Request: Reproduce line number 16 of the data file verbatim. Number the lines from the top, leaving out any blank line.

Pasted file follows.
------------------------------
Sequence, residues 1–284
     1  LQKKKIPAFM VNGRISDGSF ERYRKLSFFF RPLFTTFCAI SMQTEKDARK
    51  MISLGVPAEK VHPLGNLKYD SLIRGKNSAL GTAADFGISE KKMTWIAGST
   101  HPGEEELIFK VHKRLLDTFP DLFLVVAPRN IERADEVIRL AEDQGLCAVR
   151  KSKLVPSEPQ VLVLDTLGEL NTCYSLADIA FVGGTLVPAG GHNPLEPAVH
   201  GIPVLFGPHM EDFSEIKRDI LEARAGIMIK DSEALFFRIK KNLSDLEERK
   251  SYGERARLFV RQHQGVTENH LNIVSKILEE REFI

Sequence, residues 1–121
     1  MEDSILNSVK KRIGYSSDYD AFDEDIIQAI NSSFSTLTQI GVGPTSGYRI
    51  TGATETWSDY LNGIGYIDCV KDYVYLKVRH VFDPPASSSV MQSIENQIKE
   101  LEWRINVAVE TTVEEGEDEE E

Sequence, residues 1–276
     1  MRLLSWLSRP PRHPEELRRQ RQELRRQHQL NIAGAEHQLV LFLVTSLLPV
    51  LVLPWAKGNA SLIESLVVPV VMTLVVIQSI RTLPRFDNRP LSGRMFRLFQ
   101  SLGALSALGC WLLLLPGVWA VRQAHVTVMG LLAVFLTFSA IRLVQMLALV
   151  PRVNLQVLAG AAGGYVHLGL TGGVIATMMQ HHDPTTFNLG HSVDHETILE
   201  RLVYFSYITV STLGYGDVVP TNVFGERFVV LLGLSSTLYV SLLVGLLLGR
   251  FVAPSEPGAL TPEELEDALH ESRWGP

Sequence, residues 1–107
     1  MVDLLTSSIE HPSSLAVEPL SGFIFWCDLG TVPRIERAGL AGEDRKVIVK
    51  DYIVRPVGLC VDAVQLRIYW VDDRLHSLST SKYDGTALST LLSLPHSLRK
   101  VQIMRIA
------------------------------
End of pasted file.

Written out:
   151  PRVNLQVLAG AAGGYVHLGL TGGVIATMMQ HHDPTTFNLG HSVDHETILE